Further Insight into the Oxygen Reduction Reaction on Pt Nanoparticles Supported on Spatially Structured Catalytic Layers
, E-ISSN: 1868-5994
||Oxygen reduction reaction; Rotating ring disk electrode (RRDE); Vertically aligned carbon nanofilaments; Modeling; Hydrogen peroxide production; Dual-path mechanism; Anion and oxide blocking
Ruvinskiy Pavel S.
Savinova Elena R.
Laboratoire des Matériaux, Surfaces et Procédés pour la Catalyse, ECPM, Université de Strasbourg, UMR 7515 du CNRS-UdS, 25, rue Becquerel, 67087 Strasbourg Cedex 2, France
Institut de Chimie de Strasbourg, UMR7177, Université de Strasbourg-CNRS, 4 rue Blaise Pascal, 67070 Strasbourg, France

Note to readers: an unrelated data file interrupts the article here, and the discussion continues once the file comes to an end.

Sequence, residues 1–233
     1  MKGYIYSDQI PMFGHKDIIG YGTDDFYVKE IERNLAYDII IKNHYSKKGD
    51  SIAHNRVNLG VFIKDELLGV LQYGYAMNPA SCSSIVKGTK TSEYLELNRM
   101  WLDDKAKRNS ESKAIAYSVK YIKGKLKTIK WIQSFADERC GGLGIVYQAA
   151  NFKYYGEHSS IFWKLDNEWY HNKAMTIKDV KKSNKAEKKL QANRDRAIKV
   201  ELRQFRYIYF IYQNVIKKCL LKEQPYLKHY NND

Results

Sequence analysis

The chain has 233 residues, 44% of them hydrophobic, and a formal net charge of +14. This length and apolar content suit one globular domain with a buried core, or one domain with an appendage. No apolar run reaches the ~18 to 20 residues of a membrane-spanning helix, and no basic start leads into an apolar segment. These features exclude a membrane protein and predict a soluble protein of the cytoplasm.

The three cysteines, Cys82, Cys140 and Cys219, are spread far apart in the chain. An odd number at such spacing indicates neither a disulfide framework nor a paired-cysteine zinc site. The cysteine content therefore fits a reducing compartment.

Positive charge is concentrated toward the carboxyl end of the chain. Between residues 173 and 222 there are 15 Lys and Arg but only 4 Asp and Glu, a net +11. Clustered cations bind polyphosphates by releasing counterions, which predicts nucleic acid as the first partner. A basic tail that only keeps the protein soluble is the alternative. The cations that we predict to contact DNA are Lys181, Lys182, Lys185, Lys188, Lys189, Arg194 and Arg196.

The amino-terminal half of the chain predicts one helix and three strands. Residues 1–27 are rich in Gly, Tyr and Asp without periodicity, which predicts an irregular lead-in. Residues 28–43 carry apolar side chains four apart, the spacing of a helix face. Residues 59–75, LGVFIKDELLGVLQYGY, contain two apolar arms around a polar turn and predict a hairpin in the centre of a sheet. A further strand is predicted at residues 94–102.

In this work, we study the oxygen reduction reaction (ORR) on the catalytic layers composed of Pt nanoparticles supported on vertically aligned carbon nanofilaments by using the rotating ring disk electrode (RRDE) method. The preparation method allows varying independently and in a wide range two characteristics of the catalytic layer: its thickness and the Pt coverage. The present work focuses on the comparison of the RRDE data in strongly (H2SO4) and weakly (HClO4) adsorbing electrolytes. It is shown that, in both electrolytes, a decrease of the number of Pt sites leads to an increased H2O2 detection at the ring of the RRDE in the potential interval from 0.2 to 0.8 V vs. reversible hydrogen electrode. The analysis of the experimental data and the kinetic modeling suggests that the H2O2 formation at potentials above the HUPD is an intrinsic process of the ORR on Pt rather than a result of the site blocking by a (bi)sulfate or surface oxide. The results are consistent with a dual-path ORR mechanism, which operates in both electrolytes and comprises a “series” pathway involving H2O2 as an intermediate species and a “direct” pathway occurring through the dissociation of O2 (or HO2). The switching between the two pathways is strongly potential-dependent. Below ca. 0.6 V, the ORR preferentially occurs via the H2O2-mediated pathway, while, in the potential interval between ca. 0.8 V and the onset of the ORR, the “direct” path is dominating. The results show that the “direct” pathway and the re-adsorption of H2O2 in the “series” pathway are strongly affected by the oxide formation and (bi)sulfate adsorption, which, depending on the number of available surface sites, might lead to an increase of the H2O2 yield.